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SJUNT MARY’S BEACON LEONARD TOWNMD. THURSDAY MORNING. AUG. 29, 1861 District Meeting* Our rAativis will bear i® mind that to day ia the time designated for the voter# of tfcia County (o meet iu the several election districts, and elect five delegates from each dialrici to the County Convention, to meet in Leonard Town on Tuesday next, which 1 Convention ia to select three delegates to the State Right Convention, which assem hlea in Baltimore on the 10th proximo. Without Aithority It will be recollected lay our readers, that vc announced iu an issue or two buck of our paper the appointment by the I Baltimore Union Convention of Henry W. Thomas, as a member of the Union Central Committee for St. Mary's county. We are now authorised to state, that Mr. Thomas was not present at the Union Convention in Baltimore, and moreover that his appointment as a member of the Central Committee was made without Hi* authority or approbation. He is neither afclialvd by principle or sentiment with •ny mch party. Lodged in Jail In our last week’s issue, under thf above caption, we referred to the capture of a runaway slave of Mr. John A. Burroughs, of Charles County, and stated, that the ar rest was made by Capt. Gray, of the Fed eral schooner. Bailey. We have since been informed that tlie negro was arrested by R. 4. Marshall, at Piuey I'oiut, who evaded himself of Oapt. Gray’s intended visit to our village to have him conveyed hither. The Policy of the Government The conduct of the Washington Gov ernment towards Maryland furnishes, we think, an admirable illustration of the an cient apothegm—“whom the gods mean to destroy they first make mad.” Instead of endeavoring to win by kindness and gen erous behavior the strong Southern senti ment of the State, it appears to have left little of outrage untried to crush out thi.- natural nod deep-seated feeling of our peo ple. The plainest principles of law and Justice have been overridden to make Re publicans of us, whether wc were willing or otherwise. A* was to have been expected from the adoption of sueh a policy, the southera sentiment of the State has not only bravely u*d its ground, Ihil is to-day stronger and more determined than it has ever been before. Where the Government has made one convert in Maryland, the Btate Right sentiment has been increased by ten. And this should surprise nobody who is capable of appreciating the plainest lessod* of history. The Government has proscribed where it should have conciliated. This fells the whole story. Persecution for opinion sake has never since the world began henefitted any cause hut the one it was intended to destroy. Under its ban, sects and parties have arisen from the smallest and the meanest Itegiunings to the heighth of power and dominion, and thus it will continue to be as long as the of man remains as it is. Even when men arc dearly in the wrong in mere matters of opinion, a prudent Government will ab stain from persecuting them It will recol lect that, though “error is no match for truth whan let slonc, it has very frequent ly been found when oppressed to be more than a match for truth and power com bined.” It is but a sorry excuse for our Washington rulers, that they have op pressed us only or chiefly upon the invita tion of “loyal citizens” of onr own State. They should have acted rather upon the promptings of their own wisdom sud ex perience than the counsellings of men. many of whom came to them, doubtless, with an accusation against their neighbors in one hand and an application for oftce in the other. Neither should they have for gotten, that on or about the I9th of April last, some were foremost in demanding a bloody resistance to the passage of the Federal troops through Baltimore who are now apparently the deepest in their confi dence and certainly the loudest in com mendation of their persecuting policy.— They should have had sense enough to have known that lhee men followed them either that “thrill might follow fawning,” or to gratify an envious hatred against men belter and braver than themselves. If the Government had bad virtue enough Unbare driven these creatures from its presence and magnanimity and wisdom enough to j have adopted the wise and enlightened} policy which MeCulloh is now pursuing iu Missouri towards the Union men of that Bute, we do not say that the State Right men would have belted and turned up Black Republicans, but we do assert, that the Washington Government would have bad a much stronger bold upon public sympa thy in Maryland than it has at present or can ever have again. ] The Court of Appeals. We see that the other counties of our Congressional district propose to select d<*l gates, not only to the State Convention, hot also to a Judicial Convention, to nom inate a candidate for Judge of the Court of Appeals for this Judicial district. In view of this determination, the people of St. Mary’s county should make provision to have the county represented in thi Con vention. We think, however, with all , due deference to our State Right friends iu the other counties of the district, that it would be better to empower their rep resentatives to the State Convention to make the nomination for the Court of Ap peals, and thus to save themselves the trouble of calling a separate Convention to do what their delegates to the State : Convention are perfectly competent to per form. Jukes, Joking The illustrious Chief Magistrate of our blessed Union is said to be an exceeding ly clever fellow and to he unsurpassed at good practical jokes, of which presently. AU will admit who have rend his mes sages, we dare say, that be is a superla tive mimic No man in the country can take off the Revolutionary Fathers in hap- ■ pier style than he. Only hear him talk when the Constitution is his theme, and a maw is willing to swear upon the spot that the very makers of that aucieut in strument are then and there present before him, and there can he no mistake about the matter. It is icry diverting. Indeed, wc think that mimicry is our excellent ruler’s forte. Others, who know the man better, assume that the true role of the President is jokes, joking, sod that he is never so happy as when joking at the ex pense of the Constitution and the laws. ! Witness, they say, those jokes of his about | the 70,0tK) men, about the Hainan Cor pun, about the Baltimore Police Commission-1 ers. asid many others too numerous to mention, but particularly his last and lest joke upon the freedom of the Press! This is quite overpowering, wc admit, but be fore giving up the contest, wo must take i occasion to remark, that there is such a thing as carrying a joke too far. Wc can by no means feel confident that His Ex cellency can afford to cut another j<*ke at the expense of the Constitution of this country. —— Capt. F. C Armstrong- We learn that this gentleman, a native ! of this county and recently a Captain in the Federal Army, has re.-igned his posi tion and is now iu Richmond. The News Since our last issue, we have boon able to learn nothing from tha scut of war of a character to interest our readers. The most profound secrecy on the part of the belligerents, as to future opera- j ’ ions, seems to prevail; and all the ru mors that have heretofore reached us. | as to “attacks on Washington,” “cros sing the Potomac” and the like, it is now ascertained, were but idle surmises or unfounded speculations. Our cxchan- : ges rcjKirt the concentration of a large (Confederate force at Lor.burg, and, we learn, from a private source, that the force at Aquia creek has been largely increased. It is rumored that a large flotilla force is being fitted out at Wash ington, for operations somewhere on the Potomac, and Aquia creek is designated as tlie point of attack. As, in the rc- ] pcated visits to our village, we notice i that each renewed one has been made j with a greatly increased force, we would suggest that ILeonard Town is, most probably, its point of destination.— Troops, in large numbers, are reported to be arriving at Washington, but we bear nothing, from that quarter, indicative of a forward movement. The “on to Rich mond” cry has been again raised at the North, but Geo. McClcunan will proba bly profit by the late dearly bought ex perience of the Government, and not risk an engagement with Beauregard, until satisfied that he has great advan tage in numbers and more than a fair chance for success. Intelligence has reached us of numberless arresta during the past and present week, among which, wc find, the names of several of the fair sex. Our State, as usual, figures prominently in the list, and Montgomery, Prince George’s and Charles counties are the localities iu which arrests have been made Mayor Bcrrett of Washington, and Pierce Butler of Philadelphia, have been consigned to Fort Lafayette, and the wife j of the former, together with Mrs. I Gwiu, wife of Ex-Senator Gw in of j Culaforuiu, is now a prisoner iu 1 Washington. A Mrs. Greenhow, and two young ladies. Misses Philipps, upon the charge of “violent seccsaion pmciivi- . ties,” have been, likewise, arrested. We also notice a partial suppression of the anti-war newspapers at the North, West and even in Baltimore. The New York AV us f Journal of Comuurc *, Day ‘ Hook, CrremaH n Journal and others, io> | gether with the State Right papii* in St. . ! 1*3(119. Mo., tod tL? Baltimore Exchange, Lave Wa ' Buppr.*aed, in tutu, or limited as to their range of circulation. A strict inhibition has been laid upon the of thebe New York Journals at the South, the Exchange is forbidden cir ' eolation iu Alexandria, and the St. Louis f popeis have been entirely aap< oded. IV hat new tyranny the Government will i devi-e, we leave to conjecture. but, that ; the people of this country will submit I much longer to the despotic oppressions of the Washington Government, is, to say the least, questionable. - [Communicated. ■Messrs. Editors. —V arious communi cations far rile last two or three weeks .have been published in the “Beacon,” t recommending me to the voters of i?t. Mary's County as a candidate for the Senate of Maryland Ever obedient to the i washes of my fellow citizens to occupy an} position, which may be assigned, that they may suppose will be advantageous to the general good. I would willingly ac cept the candidacy upon thij occasion, but I am of the impression, MPMbh seems to be general, that we ean secure the able services of a more experienced and distinguished gentleman of our County. Col. C. Billing sly, for that high position —so it will give me pleasure to give | him my entire co-operation and hearty | support for the position which the Couu jty looks upon him to assume. My ■ sincere thanks to my friends for their • high consideration.—l know full well they appreciate my position. G. FRED. MADDOX. [Communicated. Messrs. Editor*. —Your issue of this | morning contains a notice of meetings to 'be held in the several election precincts ;of the county, fur the purpose of select ing delegates to a county Convention, : to be held at Leonard Town on the 3rd |of September, to elect delegates to the • Statu Convention, at Baltimore, to nom- Jin ate candidates for the State offices.— j This is as it should be, and the recom- J mend at ion of the State Democratic Cen tral Committee will, no doubt, meet with general approbation. This is in | tended for State organization only.— i There is another organization, however, | equally impoitaut, and which ought to jbe based upon the same principles—the | organization of that party, in all the i counties of the State, opposed to the i principles and policy of those now in I power. The party opposed to the pros -1 ccution of the present unholy and un- ] | natural war, waged for the *tibjugalion i of the South and the destruction of Southern institutions, those of Maryland 1 included, to result, unless speedily cheek- ! ed, in ruinous taxation, universal bank ruptcy and the ov?rthrow of the liber ties of the whole country —the North as well as the South. In the organisa tion of this party no old party lines should be recognized, nor no party ma chinery called into action. It is nnpor- i taut that the best and wisest men he | selected for the important trust to be' trposed in them—men noted rather Tor j coolness, sagacity, Judgment, discretion and firmness, than for strenuous adho- [ sion to party, or a rash and clamorous i enforcement of individual opinion how- 1 I ever right that opinion may he. It is I likely that men of this class will nut be I j apt to court public position, indeed,! | may hardly be induced to accept it in | the present crisis of affairs. The situa-! | tion of such men in the next Legisia- j j hire, it is easy to foresee, cannot be j otherwise than unpleasant, standing, as 1 they likely will, iu a small and power less minority. It becomes so much the more important, therefore, that such men i be selected. In order to accomplish this. , let us hold no Primary Meetings and no Convention for County organization, but, rather, a large, geueral Mass Meet ing of all the people of the county, without regard to political opinion, ami ; let them select those whom they shall j choose to serve them. Let those pelee j ted, he elected without regard to their | individual wishes, aud leave to them the i responsibility of attending the meeting !of the Legislature, or of leaving the j county unrepresented. No man, likely | to be selected, would refuse to discharge { the duty thus imposed upon him. These suggestions are thrown out for • public consideration. No day is named for the holding of a Mass Meeting aud no individuals designated for the popular se lection —these being left to the suggestion of others, and to more competent hands. LEONA HD TOWN DISTRICT. August 22nd 1861. ■■■ ■ ■ [Communicated : Messrs. Editors. —The persistent abuse which the conduct of the General As sembly, iu the presence of a most ca-1 lamitous crisis, has elicited from North ern presses and Northern men, and which has found envenomed expression ; iu the speeches and resolutions of the late Union Convention in Baltimore, ren ders it incumbent on the friends of. Southern and State Rights to endorse i by unmistakable action, the conduct ofi those who have so fabhfully aud fear ; le*sly represented them, whether at An-' j unpolis or Frederick. I Betrayed by her chief Magistrate— j trodden down by Northern hordes—her most distinguished citizens torn from their homes aud conrigned to the felon's cell—the State of Maryland did not quail before the oppressor, nor cease, through her representatives, to utter her indig nant protests against the invasion of her soil aud the oppressors of her people. If, at citizens aud men who once were free, we have to deplore the impotency of mere legislation to remedy or prevent —if we still writhe under the infliction of wrongs and iu&ults which a retribu tive future, only, can aud will most as suredly revenge, —it is given to us. now .at least, to honor those servant*, who,, in the hour of trial and danger, have been*fuund true to their duty, and who calmly and bravely met threats and violence with defiant legislation, and ex f hibtted, in their manly aud indignant t bearing, hatred of oppression tempered 'by wisdom. To rnr>n. so reewflv and severely 1 J fried, the gu •rdn*th’n of liberty may Ik* safely ri committed; aud. it is duo 1 alike to them an 1 to onrsrlves. irrespec ['Htp of pau iiNneo and, per bans, wise ; exceptionable legislation, which, iu the presence of more recent and really heru- ‘ 1 ic conduct, will be wisely and geoer r ously ignored, to bestow on them that measure of reward which, in common with the majority in the Senate and House of Delegates, they are fairly aud honorably entitled to. Animated with these feelings, we feel justified iu placing before the people the i names of GEORGE 11. MORGAN and ,I*. I. DURANT, as eminently qualified to 1 represent ns in the next Geueral Aiwem ! i bly of Maryland, and. with this view, do name them as candidates for re-election iu November next. ST. MARY'S COUNTY. August 29th, ISGI.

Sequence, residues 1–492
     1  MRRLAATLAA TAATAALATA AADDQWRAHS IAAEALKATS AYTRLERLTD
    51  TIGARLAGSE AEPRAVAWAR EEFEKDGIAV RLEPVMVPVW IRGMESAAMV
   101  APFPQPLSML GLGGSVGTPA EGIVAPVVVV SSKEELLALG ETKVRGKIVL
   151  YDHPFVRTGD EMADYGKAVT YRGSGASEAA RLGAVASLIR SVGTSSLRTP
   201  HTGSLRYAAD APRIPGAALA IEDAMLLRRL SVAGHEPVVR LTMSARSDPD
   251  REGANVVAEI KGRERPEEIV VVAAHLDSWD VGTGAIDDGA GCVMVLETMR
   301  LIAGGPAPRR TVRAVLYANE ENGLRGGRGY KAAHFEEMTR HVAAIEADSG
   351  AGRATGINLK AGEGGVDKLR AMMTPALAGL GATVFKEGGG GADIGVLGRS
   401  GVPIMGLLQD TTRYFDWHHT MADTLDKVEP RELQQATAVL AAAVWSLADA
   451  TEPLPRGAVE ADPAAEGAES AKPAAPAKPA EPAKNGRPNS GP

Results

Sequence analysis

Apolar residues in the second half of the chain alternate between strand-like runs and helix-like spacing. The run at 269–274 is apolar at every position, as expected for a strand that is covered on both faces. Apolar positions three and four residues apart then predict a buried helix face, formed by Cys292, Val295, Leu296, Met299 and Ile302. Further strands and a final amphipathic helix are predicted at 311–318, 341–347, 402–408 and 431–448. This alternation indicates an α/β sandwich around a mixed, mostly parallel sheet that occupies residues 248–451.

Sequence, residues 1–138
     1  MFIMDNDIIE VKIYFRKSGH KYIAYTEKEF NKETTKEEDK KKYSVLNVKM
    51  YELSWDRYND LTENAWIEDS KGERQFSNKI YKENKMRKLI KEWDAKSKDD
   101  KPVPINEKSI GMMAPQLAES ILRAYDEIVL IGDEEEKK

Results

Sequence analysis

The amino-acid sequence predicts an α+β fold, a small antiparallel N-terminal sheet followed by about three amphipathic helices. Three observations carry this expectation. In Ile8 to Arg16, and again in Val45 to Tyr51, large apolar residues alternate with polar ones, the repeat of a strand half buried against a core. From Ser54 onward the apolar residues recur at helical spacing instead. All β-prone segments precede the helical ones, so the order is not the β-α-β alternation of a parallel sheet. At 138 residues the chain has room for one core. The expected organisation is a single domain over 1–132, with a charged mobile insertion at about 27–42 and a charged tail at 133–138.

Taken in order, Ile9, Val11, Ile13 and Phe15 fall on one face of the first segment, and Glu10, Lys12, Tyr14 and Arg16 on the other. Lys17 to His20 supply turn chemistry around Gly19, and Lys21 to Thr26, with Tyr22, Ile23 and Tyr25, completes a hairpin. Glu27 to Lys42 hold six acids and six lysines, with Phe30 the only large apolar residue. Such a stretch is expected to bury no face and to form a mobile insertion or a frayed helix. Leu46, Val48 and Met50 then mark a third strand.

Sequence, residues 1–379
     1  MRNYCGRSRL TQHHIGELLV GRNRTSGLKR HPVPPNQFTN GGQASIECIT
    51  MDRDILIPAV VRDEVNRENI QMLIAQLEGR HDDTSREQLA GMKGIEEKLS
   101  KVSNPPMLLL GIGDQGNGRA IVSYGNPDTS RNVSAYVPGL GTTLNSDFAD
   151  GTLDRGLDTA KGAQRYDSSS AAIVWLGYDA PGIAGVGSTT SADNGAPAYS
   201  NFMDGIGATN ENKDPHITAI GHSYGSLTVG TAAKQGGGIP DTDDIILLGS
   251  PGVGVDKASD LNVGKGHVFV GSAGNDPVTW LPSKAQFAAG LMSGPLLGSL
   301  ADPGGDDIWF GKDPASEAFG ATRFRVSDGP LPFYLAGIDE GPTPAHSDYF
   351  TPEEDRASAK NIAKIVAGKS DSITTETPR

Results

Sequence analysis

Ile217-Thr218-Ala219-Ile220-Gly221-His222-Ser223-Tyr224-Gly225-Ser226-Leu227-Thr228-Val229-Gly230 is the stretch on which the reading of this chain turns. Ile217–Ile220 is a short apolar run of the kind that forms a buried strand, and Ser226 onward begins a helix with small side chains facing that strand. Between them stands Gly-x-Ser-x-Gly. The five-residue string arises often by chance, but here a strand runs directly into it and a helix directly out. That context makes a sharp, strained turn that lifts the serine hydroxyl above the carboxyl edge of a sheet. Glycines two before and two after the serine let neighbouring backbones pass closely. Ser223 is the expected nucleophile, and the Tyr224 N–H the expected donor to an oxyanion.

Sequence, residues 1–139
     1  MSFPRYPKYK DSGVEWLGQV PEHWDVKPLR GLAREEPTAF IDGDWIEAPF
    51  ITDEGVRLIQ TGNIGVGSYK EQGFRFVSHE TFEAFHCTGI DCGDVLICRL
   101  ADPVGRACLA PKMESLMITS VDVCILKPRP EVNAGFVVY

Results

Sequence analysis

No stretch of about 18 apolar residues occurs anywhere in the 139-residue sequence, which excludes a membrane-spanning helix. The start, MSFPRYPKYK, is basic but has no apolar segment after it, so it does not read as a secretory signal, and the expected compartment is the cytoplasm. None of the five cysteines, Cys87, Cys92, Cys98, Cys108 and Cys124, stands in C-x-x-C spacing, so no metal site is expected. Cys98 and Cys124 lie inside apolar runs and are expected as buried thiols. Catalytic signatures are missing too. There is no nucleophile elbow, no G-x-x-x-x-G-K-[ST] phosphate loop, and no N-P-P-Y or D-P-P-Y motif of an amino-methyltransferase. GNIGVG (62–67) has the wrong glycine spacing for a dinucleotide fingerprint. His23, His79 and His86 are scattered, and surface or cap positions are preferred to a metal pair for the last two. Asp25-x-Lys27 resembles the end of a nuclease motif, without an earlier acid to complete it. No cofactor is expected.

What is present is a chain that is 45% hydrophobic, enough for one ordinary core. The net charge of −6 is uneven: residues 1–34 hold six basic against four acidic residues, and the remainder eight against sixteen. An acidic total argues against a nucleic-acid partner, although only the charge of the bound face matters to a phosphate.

MILITARY TERMS. The following definitions of military t mis very commonly used by writers, will !be of service to many persons in reading | | descriptions of battles aud military opera tions : is are rows of felled tree* deprived j jof their smaller branches, the remained; , interlaced and employed for the defense j of redoubts, isolated posts, or fur blocking j up roads. j Ah Adjutant (lenend is the principal ! organ of the commauder of au army in I j publishing orders. He has the charge of 'the army correspondence, Ac., and among J I his active duties are the establish incut of ' camps, inspections, control of prisoners, j and making rcconnoissaaces. Ambulances arc flying hospitals for the conveyance of the wounded with the march of the army. Barbette. —Guns are said to be in bar ; belle when they are so elevated that, iu j stead of firing through embrasures, they 1 can be fired over the crest of the parapet. The result is a wider range. Embrasure. —An embrasure is an open ing out in the parapet, through which the cannon in a fort is fired. Base of Operations. — A secure line of' fioutior or fortresses, from which advances j •are made aud upon which troops may * retreat. Brent. —ln the United States army! ‘ brevet means a commission to hold rank I in the army at large, as distinguished from j ! rank in a particular regimeut or corps, i Brigade. —Two regiments of cavalry or infantry constitute a brigade. Cadet. —A cadet is a warrant officer, : and warrant officers rank below com mis sioned. exercising authority by warrant only. (\dib<’r. — Caliber of bullets is deter mined by the number required to weigh a pound: of guns, by'the weight of the shot used; of eolumbiads, mortars, and howit zers, by the inches of their diameters. Cartel. —Au arrangement for exchange' j of prisoner*?. Cam mate. —Vaulted chamber with cm-' brasures fur guns, mi! used ia war at j quarters for the garrison. /Jrfifading consists in raising the para- i pets of a fortress, so as to conceal its in- i tcrior from the view of au enemy uu au elevated position. ni. —All tactical maneuvers I intended to pass from close column to the order of battle, are deployments. Ih'rixian. —A division generally consists 1 jof two brigades, commanded by a inajor | general. Enfibidr. —To sweep the whole length of the faae of any work or line of troops ' by the fire of a battery, t Esculmk —A place is taken by escalade when ladders are used to scale the walla. Esplanade. —Empty space for exercising ! troops within fortifications. Fascines. —Long cylindrical fagots of • brushwood, used for strengthening earth works or to make firm looting on mar i shy ground. ! Flank. —The right side of a body of men or place. Thus, when it is said that the cueniy, by a flank march, outflanked our right wing, it is meant that the ene my, by marching parallel to our line of battle, put himself iu position upon our extreme right. Foraging is often confused with maraud- I ing. but ia the systematic eollectiou of supplies by authority. Inlying Picket.— body of men, in campaign, held ready to march when cal led upon. lyoi/gmnit —Tu a siege, Icdgmcnt signi | tit s the occupation of a position aud the { J formation of au entrenchmeut to defend * | it against recapture. i j Fhkrt. —Literally, sharp stakes. Gen i orally used to specify a detachment whose 1 ; principal duty is to guard an army from • surprise against recouuoiteriug parties of the I enemy. Jfedoubts are works inclosed on all sides, j ! generally Mjuare or pollygunal. liirhochri. —Guns fired with a small j charge aud a low elevation throw rieho- j j diet *bots, which hound along the ground or ramparts. Salient. —The salient angle of a fortifi cation is an angle projecting toward the country. Sally Parts —Openings to atford free egress to troops for a sortie or sodden charge from a fort. Say. —The sap is a method of making 1 trenches, in which the workmen are pro tected from musketry by sappers roiling a large gabion (e . a cylindrical basket tilled with earth) toward the enemy. Shells. —A shell is a hollow abut, with a bole to receive fuze or slow match, aud tilled with powder to burst it at the end of its range. Squadron. — Two companies or .troops of eavalry. Subaltern. — A commissioned officer be low a captain. Tartirs is the art of handling or man I covering troops. It is frequently cob i | founded with strategy, which is the art of conducting war. ) FiVfcftes.-Sentries upon outposts, placed 1 to observe movements of the enemy aud to j communicate by signal. e j for Hebei Children. I A alafot* for Andrews, ar gallant and brave. He’d shel oceans of blood to unshackle one aavt. 1 B Poison Butler, who solemnly swore ile’d ciqHuie ihs lotteries or never eat mors. C is Cndw’allsder, we’ve jentlemen jaiWs, Why should we com,-dam if our Colonels are taiton ? ■ O stands for Douhleday, a hero no doubt, !In Fort Sumpter he staid when he could ni get out. R is for Ellsworth, inglorious Zouave, He sleeps in s bloody, uuhafloweJ grave. F ••Fima and Feathers,” so pompoo* and 10ld t He lays his plana well but hia egga ail get cold. G stands for Greeiy, the mighty Tribune, Just as aafe in this war as a wan in the moon. H is poor Hicks, what a pity that Brown Dtd’ut see that his orders were all written down. I stands for the isms that rise in the North Which the hrsins of our Yankee invaders pour fourth. J Colonel Jones, in a terrible fix, j For his bitterest foes are the men of the 6th. K Keiaa offered to keep the streets, open, you know. So we’ll send for him when we've a deop fall of snow. ! L stands for Lincoln, he should not forget. The battle’s not over, he’ll oc bombarded yet. . M is the murderous spirit that Hows I (u the hearts of the mothers ana wives of our (bea. j N is the news of ru't Sumpter's defsat > When a million of freemen sprang to thsir feet. ! O for Old Banka, who’d rather he slain, Thau go to to hums and teach dr nciug again. j P for Pierce, the stay-at-home editors swear, ( Oh would they be willing his danger to share Q, the great pageant thal very few saw When the Marshall wu taken without pretence of law, R Rodger* of the Relay, small honors they gain. Searching ladies who pass by the Baltimore (rain. 8 Sumner and Seward, the safest of men, .No weapon they wield but the tong le and the pen. i T stands for traps that we know how to set. We’ve some ot the rarest reserved for them yet, U Flie two Unions, one sunk in the mud, . Aud the broken one can’t be cemented by blood 1 V our Vice-President, though 1 ’ve not heard, j Midst the tumult ul war that he’s uttered one word. ■ W for Wilson, whose murderous band ,Of cut-throats and thieves long to plunder our ; I land. 1 X stands for Xerxes, once three millions of j men Were subdued by 300, we’ll do it again. Y stands for the Yankees whose actions reveal 1 Hearts cruel ns tigers and harder than steel. Z for the Zouaves, the net lambs of New York, Pm afraid they must f tten uu crackers and pork. Abolition Notion of Tiiincs —Tim “Anti-Slavery Standard ” (Garrison's paper) of this week, goes for au exchange |of prisoners with the C. S. A. right off. | 1 The Washington correspondent cays : 1 The government will not exchange ! prisoners for fear that the act would be in | itself a recognition of the Jeti*. Davis gov- j ! eminent. This position is very unsatis i factory to a large portion of the people and j troops. It looks to them as perfectly rid- , iculous for the government which, to-day, , is not certain of being able to protect the Capital itself, and which has less troops! iu the field than Jefferson Davis this very j day, to refuse an exchange of prisoners of war for fear that such a proceeding would give color to the idea that the rebel gov ernment is possessed of belligerent rights. Mr. Cameron was fool enough to sup pose that men who had fairly beaten him in a great battle would consent to be snubbed and ignored for the sake of con ferring a great favor on Mr. Secretary Cameron! Tliis is the great question of the hour: Shall we acknowledge the war, or pre tend that th: re is only m li:tlu it.surrec tiun somewhere down South ? Acknowl edge the war, and let prisoners be ex- * changed, aud then proceed to put down! the belligerents—to subjugate them, if the thing can be done. If not, give, them a good thrashing mod bid them go ' iu the Devil's name. | The following order has just been pub- * lished by the Postmaster General ; j J Post Office Drpaktmknt, Aug. 24, 1861. ! The President of the United States di-J J reels, that hie proclamation of the 16th | inst., interdicting commercial intercourse with the so called Confederate States, skull i be applied to correspondence with those i States, and has devolved upon this depart i went the enforcement of so much of its interdict as relates to such correspondence. 1 The officers and agent of this Depart ment will, therefore, without further in i "tractions, lose no time in putting an end j to written intercourse with these States by ; causing the arrest of any Express Agent jor other persons who shall after the pro i mulgation of this order, receive letters to * ;be carried to or from these States, aud ' will seise all such letters and forward them to this Department. (Signed) M. Blair, Postmaster General. Thb Last Wori>. or Mas. Parti ngton. —lke goes for a soldier; Mrs. Parting : ton makes a forewell address. [“lke my son, stand up while I ’dress you ; bold my bonnet and specks.”] “Fellow soldier; ;It is the abandoned duty of all to be patriarchal in these times, and to hand down, unrepaired, the glorious flag to all seceding generations.” [Here Ike cum-1 meuccd counting off the newfoshioued ■ cheer, and swinging the old bounct up and ' down as went in, one, two, three ; tiger.”] “March hesitatingly into the contented field, and if a rebel demands your quar j ters, tell him you had but three, and the i last one is spent; then, if he won’t quit. > and leave, ’quit yourself like a man. and i may yon have a glorious campaign of it.’ | The Fire Zouaves —The Fin* Zouaves seem to WWOinpl* tely disorganized. Ma tor Looser has found it utterly impossible to retain thoi* at their quarters iu the iLi- I tery. Tenfti tafth'hait to accommodate tho four hundred aud fifty members of tho i Repinv ut have been erected on tho I grounds, but of the whole number, only • sixteen men remained in them last night. | Armen! g iard were placed at the gut,-, but lliu men evinced such a deturiuiualioQ ' to leave and visit their homes and frien L, that it waa found almost uselos to exact passes from them. Major Looser has h;; I a consultation with Gov. Morgan, and it has been determined to remove the Fire Zouaves to Bed Joe’s Island, if permission can be obtained. Aa application was ac cordingly made this morning to Col. Smith, commandinsr at Governor*# Island, to have lied loo’s Island appropriated to their us , hia reply haa not yet l**fn received. If the request is not granted, the regiment will be hopelessly disbanded. w Peace. —The peace movement appears to be gaining strength all over the oemi try. It is gaining here, and the next ebe tion in Maryland will show, that “peat* hath her victories not less renown J than war.” “Coming events cast their thai.- ows before,** and the shadow of a great victory already falls upon the path of tin opposition; hence it makes them uneasy. when they hear the cry of 4 1 peace and , diced taxation," coming up from the peo ple, in all parts of our good old State. Neutrality not to be Reccon'ieed.— The administration has determined not to recognise the neutrality of Keutucky, but , insists that she shall come nut fair .rid 1 square for or against the Union.—G>r. i I*hita. Inquiixr. I _ (Tbituara. Died, on the ISrh instant, of Consu na tion, Mrs. Klixa A. Drury, consort of ! Win. 11. Drury, in the 32nd year of h r i ag< *’ In the untimely demise of the subject of tins notice, we have another instance <>f the inysteuous wordings of Divi ie Providence. In the prime of life, and in the full enjoyment of all earthly happincM, she has been called away and her “spirit gathered to the home of her fathers.” It iis not our object to write a history of |, t | life, or to do her memory injustice by an , attempt to chronicle her many virtues In ! the domesticc circle, in which wo knew 1 her best, we will speak of her. We km w j her as a fond and devoted wife, as a kin I | and affectionate mother, as a beloved and j obliging neighbor, and as a devout and l pious Christian. Reared, from early I childhood, a member of the Roman -Catho lic Church, *die remained through life a firm believer in its teachings and a ms*'*k follower of its doctrines. Gifted with gay and winning manners, and fond of society and all innocent recreations and amuse* incuts, she was adored by the circle ii j which she moved aud will be mourned and ,1 lamented by all who kii‘*w her. In h“P ! death, it may be truly said, the com muni j ty has suffered a loss, the poor and needy I a friend, and society a model and Useful member. Rut, let us not mourn her |o§ jto earth, but bo consoled with the knowl- I edge, that she has found a purer aud b.ip i pier abode in the world beyond. The j portals of Heaven have been opened to re , ceivo her, and angel’s garments have long since displaced the sooty robes of | earth. Thei, let our grief be subdued I aud our hearts lightened by the remem brance that “our low will prove ker eternal gain.’* * OBITUARY. Died, on the morning of the 10th insf., of Consumption, Mrs. ANGKLINK K. DUTTON, aged 42 years, 8 months and 28 days. “She it not dead, but deepdh.** The ?object of this notice has been for a number of years. an exemplary and con sistent member of Good Hope Baptist ; Church. Her religion was eminently solid | and practical, showing' itself in a faithful i performance of doty, in every sphere where female piety is wont to shine, “Trusting jin Goo with all her heart and wind.”— Though the disease, which terminated her I life, was of a lingering, painful character, rite bore her protracted sufferings with un complaining fortitude. With her mind ’ engrossed with spiritual things, she wait ed with cheerful resignation, the time when God should call her home from earth. A few moments previous to her dissolu tion, turning to one of her daughters, she •aid, “I want to sleep.** frying her head in her lap—a smile—a feint gasp—“tho silver cord was loosed, the golden bowl was broken.** but so gently, with, so little special premonition, that h seemed less like death than a sudden translation. “Life so gently ceased to be, ll lapsed in immortality** She sleeps with Jesus. Bright seraphs ' were doubtlessly hovering around the pil- I low of the dying saint, aud aa the seal sighed itself from the wasted tenement, they bore it, with jubilant songs, on tbvir buruLhed piuions, to that rest, a here ihu blandishments of sin can no lunger allniv, where none abide but the pure aud the blest, where God in bis glorious perfection dwells, where there are “No rude alarms of angry fees ; No cares to break the lane rspoec; No midnight ebada, no doodad asa. But sacred, high, sternal ■soa." Standing by the newly-made grave, I too would drop a tear of sympathy, to the | memory of departed worth fragrant with good deeds. I too would rejoice with tho*o ' bereaved by this dispensation, fur she has gone “from gmoc to glory,** leaving words of cheer, like foe perfume of ruses, and * trail of light, marking the path by which she has ascended. “Precious in the sigh: of the Lord is tho death oi his saints.” J-r- 8 j A Hjemny Aug Ist, 1881-